The way it will be
The advantage of both games is that each separated skill levels very clearly. It was transparent who the better of any two players would be, and very rarely were there “equal matches”. That is the game's appeal – it will identify the best players in a competitive culture, while at the same time providing entertainment and a sense of accomplishment for those average players who are learning to get better.
This is precisely why attention becomes a resource. Anyone expecting the AI to assist them, to play for them, to handle the micromanagement and create efficient formations of units to deal damage with is promptly going to get his ass handed to him. At best, you can expect your marines to continue to run single-file to the enemy base and if you're lucky, the AI will send them all in if they spot an enemy unit. They won't focus fire, take cover, or use abilities.
Thus the game creates pressure – do you intervene in that battle with all your attention, do you queue up some more buildings or units, do you send your reserve force into the enemy base, do you go scouting for his expansions or build one of your own? With a small screen and limited battle AI assistance, your attention is of the utmost importance and that's what the game rewards – how you divide your attention and how efficient you are in dealing with whatever you've decided to focus on.
The units are relatively large and relatively few in number, which means that they are important. Also, it's likely that there will be a fair number of spells/abilities (hopefully not as many as in WC3). This will heighten the importance of paying attention to battles and thus make it risky to focus mostly on production, like you might in C&C or Age of Empires. Proper use of Psi Storms and Yamato Guns in StarCraft made the difference between winning and losing. In WarCraft 3, there were more spells but they generally weren't as powerful, which caused the game to lose some of that balance between micro- and macro-management.
Game balance will continue to be the different-but-equal (not equivalent) style we saw from StarCraft. Blizzard has declined the option of designing a fourth race and chosen to continue with the Zerg, Terrans, and Protoss. They all have vastly different philosophies and styles, with no two units performing in even remotely the same fashion, yet each race has similar capabilities in the end.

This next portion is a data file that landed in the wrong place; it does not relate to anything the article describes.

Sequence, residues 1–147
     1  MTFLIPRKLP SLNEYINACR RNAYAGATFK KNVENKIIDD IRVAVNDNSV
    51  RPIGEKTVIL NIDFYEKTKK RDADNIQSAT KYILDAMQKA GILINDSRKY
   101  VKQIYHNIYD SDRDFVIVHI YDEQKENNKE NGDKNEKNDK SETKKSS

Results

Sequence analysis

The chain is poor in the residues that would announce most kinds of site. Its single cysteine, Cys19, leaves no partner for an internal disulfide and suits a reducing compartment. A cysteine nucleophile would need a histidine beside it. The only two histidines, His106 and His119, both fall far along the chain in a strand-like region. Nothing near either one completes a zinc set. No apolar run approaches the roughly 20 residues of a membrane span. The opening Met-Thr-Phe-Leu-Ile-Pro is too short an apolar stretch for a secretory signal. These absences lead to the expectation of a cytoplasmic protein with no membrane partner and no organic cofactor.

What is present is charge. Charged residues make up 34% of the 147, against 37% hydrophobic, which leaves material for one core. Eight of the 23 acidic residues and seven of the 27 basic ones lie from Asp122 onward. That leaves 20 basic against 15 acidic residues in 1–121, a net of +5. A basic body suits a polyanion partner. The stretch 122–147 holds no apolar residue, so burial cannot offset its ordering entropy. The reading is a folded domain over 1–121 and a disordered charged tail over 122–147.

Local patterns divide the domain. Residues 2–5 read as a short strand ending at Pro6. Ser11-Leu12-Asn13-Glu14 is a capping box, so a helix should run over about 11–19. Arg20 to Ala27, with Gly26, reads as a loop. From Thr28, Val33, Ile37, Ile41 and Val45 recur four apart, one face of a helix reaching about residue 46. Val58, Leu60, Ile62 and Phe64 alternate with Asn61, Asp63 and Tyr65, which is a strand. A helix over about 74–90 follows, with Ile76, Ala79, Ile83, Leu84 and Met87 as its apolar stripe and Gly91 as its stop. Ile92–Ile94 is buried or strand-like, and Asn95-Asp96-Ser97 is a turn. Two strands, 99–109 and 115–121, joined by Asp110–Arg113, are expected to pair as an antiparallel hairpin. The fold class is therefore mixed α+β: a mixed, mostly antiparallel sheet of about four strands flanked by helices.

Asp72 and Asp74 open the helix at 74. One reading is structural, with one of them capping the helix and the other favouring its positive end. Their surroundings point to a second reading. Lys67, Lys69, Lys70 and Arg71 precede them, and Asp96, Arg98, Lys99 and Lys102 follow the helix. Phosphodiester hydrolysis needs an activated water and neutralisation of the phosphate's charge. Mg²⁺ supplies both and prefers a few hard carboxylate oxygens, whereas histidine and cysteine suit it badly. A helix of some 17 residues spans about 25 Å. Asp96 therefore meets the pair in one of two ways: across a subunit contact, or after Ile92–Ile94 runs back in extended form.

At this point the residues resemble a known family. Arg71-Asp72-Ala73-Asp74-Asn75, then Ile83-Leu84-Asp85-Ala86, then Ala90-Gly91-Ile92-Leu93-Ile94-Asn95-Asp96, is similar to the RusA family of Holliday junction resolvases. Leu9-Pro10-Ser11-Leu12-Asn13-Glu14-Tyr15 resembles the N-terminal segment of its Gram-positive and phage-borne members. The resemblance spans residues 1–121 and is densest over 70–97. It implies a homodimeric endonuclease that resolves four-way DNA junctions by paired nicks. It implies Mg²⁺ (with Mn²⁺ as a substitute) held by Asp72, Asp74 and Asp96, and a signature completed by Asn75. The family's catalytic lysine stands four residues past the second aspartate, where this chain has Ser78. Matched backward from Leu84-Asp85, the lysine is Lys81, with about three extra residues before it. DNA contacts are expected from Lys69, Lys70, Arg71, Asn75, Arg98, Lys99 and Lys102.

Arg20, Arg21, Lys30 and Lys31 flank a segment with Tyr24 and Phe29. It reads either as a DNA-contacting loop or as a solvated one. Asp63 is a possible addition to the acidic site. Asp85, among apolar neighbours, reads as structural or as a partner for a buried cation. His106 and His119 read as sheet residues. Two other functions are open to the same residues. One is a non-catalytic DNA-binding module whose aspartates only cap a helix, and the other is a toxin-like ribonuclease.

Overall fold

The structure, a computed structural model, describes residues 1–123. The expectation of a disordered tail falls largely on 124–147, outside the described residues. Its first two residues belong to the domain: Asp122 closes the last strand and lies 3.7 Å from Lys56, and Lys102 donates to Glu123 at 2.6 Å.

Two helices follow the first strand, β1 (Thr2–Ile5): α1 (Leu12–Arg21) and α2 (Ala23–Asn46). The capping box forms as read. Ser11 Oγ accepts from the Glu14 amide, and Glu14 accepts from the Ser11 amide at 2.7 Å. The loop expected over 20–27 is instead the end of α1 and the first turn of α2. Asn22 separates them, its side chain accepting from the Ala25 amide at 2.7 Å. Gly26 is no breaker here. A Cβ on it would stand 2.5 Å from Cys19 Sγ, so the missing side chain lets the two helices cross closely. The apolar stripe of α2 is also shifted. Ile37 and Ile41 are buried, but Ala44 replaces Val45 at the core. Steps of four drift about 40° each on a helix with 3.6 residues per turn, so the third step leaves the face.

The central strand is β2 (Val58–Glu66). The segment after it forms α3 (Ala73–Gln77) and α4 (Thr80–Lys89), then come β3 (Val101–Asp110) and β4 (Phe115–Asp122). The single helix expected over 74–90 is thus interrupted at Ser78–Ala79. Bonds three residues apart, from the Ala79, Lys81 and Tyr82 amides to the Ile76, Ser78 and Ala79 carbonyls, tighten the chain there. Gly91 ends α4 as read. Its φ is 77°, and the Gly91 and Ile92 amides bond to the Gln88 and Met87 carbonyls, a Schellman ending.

There are going to be some re-tread old units (marines, zealots, mutalisks, and zerglings at the least), but generally we expect there to be at least as many new units as old. Certainly the videos show primarily new designs. From the videos we can also confirm what we expected – that balance among units will follow the familiar rock/paper/scissors motif.
This is actually somewhat of a concern at the moment, actually. In vanilla StarCraft, the rock/paper/scissors style was really not that extreme. In some cases it was clear as day: that the Reaver or Siege tank would plow through Zerglings and Marines at a butcher's pace, or that scourges were the best units to take down a Battlecruiser efficiently, but there was a lot of gray area for the most part. Take hydralisks vs marines. It wasn't quite rock vs scissor or rock vs paper, nor was it rock vs rock. It depended on the upgrades available to each and the numbers of each before it was clear in what situations one would counter another. Hydralisks generally had the advantage, but it wasn't overwhelming as with Lurker vs Marine. However, with the Brood War expansion, we saw far more in the way of clear counters. Lurkers were clearly meant to defeat M&Ms (marines and medics). Also, the new air units in Brood War (Valkyrie, Corsair, Devourer) were “air support” units, designed to clearly defeat the old light air units of the enemy but be weak to their stronger air units.